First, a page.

Advertisement

NFL hopes to revive kickoff return with new rules

ORLANDO – By a 29-3 vote, NFL owners approved major changes to kickoff rules for the 2024 season, adopting a version of the play the XFL had used in recent years.

Under the new rules, the kicker will continue kicking from the 35-yard line, while the other 10 members of the kicking team will line up at the receiving team's 40-yard line. The receiving team will put at least nine players in a setup zone between its 30- and 35-yard line, with one or two returners in a "landing zone" between the goal line and the 20-yard line. Until the ball hits the ground or a player, no one other than the kicker or returner is permitted to move.

The change, which was approved on a trial basis for 2024, comes after years of discussion over the future of the kickoff, as the NFL sought to reduce injury rates from the play and more teams kicked the ball out of the end zone. Only 21.7% of kickoffs were returned in 2023, the lowest rate in league history. With the new play, competition committee chair Rich McKay said Tuesday, return rates could be as high as 80-90%.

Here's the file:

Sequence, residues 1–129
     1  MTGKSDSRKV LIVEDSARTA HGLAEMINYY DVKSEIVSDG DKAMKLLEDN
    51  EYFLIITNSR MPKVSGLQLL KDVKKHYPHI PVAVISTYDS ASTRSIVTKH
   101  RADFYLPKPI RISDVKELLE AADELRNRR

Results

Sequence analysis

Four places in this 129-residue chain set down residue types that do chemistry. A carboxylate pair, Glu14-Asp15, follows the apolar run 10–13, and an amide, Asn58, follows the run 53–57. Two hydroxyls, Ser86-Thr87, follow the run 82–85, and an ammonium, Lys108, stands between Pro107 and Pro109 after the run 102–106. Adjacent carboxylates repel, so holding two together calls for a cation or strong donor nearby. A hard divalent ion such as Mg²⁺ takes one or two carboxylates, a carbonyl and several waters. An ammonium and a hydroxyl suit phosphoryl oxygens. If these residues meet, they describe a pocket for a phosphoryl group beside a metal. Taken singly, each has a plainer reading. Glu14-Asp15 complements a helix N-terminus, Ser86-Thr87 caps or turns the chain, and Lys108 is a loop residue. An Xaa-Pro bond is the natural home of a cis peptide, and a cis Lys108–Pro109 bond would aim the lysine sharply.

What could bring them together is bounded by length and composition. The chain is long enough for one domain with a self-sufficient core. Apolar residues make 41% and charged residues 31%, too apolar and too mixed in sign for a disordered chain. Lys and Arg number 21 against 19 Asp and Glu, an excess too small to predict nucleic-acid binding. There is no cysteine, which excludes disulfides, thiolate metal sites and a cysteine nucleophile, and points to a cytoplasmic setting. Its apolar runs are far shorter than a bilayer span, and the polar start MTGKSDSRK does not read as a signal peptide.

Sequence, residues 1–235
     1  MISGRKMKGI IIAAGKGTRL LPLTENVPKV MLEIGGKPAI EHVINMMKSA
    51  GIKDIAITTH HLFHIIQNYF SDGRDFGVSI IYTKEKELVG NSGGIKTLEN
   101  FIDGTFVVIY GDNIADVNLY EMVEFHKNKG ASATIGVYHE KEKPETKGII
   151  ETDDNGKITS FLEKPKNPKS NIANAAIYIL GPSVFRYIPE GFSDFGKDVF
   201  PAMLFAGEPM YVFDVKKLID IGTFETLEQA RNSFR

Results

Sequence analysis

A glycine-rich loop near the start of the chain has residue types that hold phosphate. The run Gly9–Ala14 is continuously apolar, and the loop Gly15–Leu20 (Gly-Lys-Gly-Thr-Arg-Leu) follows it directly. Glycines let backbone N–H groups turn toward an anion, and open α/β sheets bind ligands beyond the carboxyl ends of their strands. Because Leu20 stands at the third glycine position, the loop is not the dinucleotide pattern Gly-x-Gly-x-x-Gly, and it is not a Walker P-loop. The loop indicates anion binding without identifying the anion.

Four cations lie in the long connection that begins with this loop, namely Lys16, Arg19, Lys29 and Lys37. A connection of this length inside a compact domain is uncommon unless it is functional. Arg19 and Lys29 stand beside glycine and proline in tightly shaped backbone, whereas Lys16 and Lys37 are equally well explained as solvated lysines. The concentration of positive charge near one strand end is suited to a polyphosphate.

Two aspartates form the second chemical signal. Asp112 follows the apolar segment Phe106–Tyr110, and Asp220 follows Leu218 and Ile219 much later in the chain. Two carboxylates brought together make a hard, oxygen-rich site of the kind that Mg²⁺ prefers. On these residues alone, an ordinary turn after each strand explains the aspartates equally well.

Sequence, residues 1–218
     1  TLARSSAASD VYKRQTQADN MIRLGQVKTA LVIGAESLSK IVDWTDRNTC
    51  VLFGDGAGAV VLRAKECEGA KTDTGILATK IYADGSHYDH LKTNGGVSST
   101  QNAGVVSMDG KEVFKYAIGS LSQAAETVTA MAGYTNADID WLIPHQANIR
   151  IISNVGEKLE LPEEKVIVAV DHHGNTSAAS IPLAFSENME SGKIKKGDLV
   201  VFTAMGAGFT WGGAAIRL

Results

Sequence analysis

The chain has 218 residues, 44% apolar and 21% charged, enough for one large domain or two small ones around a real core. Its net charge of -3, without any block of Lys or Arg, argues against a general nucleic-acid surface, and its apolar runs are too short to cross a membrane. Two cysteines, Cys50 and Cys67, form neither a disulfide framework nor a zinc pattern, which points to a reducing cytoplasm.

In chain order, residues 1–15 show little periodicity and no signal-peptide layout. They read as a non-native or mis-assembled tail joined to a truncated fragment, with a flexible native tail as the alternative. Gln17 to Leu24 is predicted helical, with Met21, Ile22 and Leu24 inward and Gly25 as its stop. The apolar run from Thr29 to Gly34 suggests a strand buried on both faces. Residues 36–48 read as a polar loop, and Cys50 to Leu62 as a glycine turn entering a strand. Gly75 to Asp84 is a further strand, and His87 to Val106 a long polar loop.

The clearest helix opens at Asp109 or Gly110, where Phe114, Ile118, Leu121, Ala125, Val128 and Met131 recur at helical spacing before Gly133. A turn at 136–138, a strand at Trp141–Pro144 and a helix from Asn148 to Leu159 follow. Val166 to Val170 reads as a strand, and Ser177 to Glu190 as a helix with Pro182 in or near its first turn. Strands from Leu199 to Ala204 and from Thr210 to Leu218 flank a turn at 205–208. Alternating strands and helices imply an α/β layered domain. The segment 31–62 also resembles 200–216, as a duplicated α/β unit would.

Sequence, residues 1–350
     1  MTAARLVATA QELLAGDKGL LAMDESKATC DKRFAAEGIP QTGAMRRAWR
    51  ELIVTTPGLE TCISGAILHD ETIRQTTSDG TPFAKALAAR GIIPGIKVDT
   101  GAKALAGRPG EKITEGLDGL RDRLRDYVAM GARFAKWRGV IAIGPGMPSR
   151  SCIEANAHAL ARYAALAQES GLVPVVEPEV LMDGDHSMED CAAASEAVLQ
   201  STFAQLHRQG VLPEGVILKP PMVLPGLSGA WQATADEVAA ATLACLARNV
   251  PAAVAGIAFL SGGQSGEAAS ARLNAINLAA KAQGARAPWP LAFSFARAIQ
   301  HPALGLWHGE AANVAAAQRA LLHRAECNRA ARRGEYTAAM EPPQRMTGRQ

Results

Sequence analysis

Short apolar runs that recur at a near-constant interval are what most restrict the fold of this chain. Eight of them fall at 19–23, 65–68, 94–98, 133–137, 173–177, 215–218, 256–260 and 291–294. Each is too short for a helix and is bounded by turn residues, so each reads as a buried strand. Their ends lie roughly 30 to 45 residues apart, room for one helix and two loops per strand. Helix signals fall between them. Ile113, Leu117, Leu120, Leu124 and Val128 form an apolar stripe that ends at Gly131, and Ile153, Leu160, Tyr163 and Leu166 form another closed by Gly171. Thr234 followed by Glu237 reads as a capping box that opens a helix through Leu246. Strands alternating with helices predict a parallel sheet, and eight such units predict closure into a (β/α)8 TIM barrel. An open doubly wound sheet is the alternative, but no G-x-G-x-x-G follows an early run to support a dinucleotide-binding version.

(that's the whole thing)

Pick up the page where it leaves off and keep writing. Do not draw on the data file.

Teams will be permitted to attempt two onside kicks per game, but will not be able to attempt surprise onside kicks. Touchbacks will move from the 25 to the 30-yard line, though McKay said the rule could eventually change to place the ball at the 35 after a touchback.

Saints special teams coordinator Darren Rizzi, who worked closely with Cowboys special teams coordinator John Fassel on the rule change, called it "a great day for the NFL."

"We've taken a play that's essentially been dying over the course of the last few years, and in our opinion, we've revived it," he said. "The fact we felt like we can make this play a lot safer, and certainly more exciting for everybody, were the two main factors."

Owners voted to eliminate the hip-drop tackle earlier in the week, and the NFL announced on Tuesday owners also voted to move the trade deadline back by a week. It will be on Nov. 5 this year, instead of Oct. 29.

Additionally, teams can now receive a third challenge in a game by winning only one of its first two challenges (previous rules required teams to win both challenges to obtain a third). The NFL will also make a ruling of a passer being down by contact or out of bounds before throwing the ball a reviewable play, allow replay reviews of the game clock expiring before the snap and permit teams to promote an emergency quarterback from the practice squad, rather than forcing teams to carry a third quarterback on the active roster.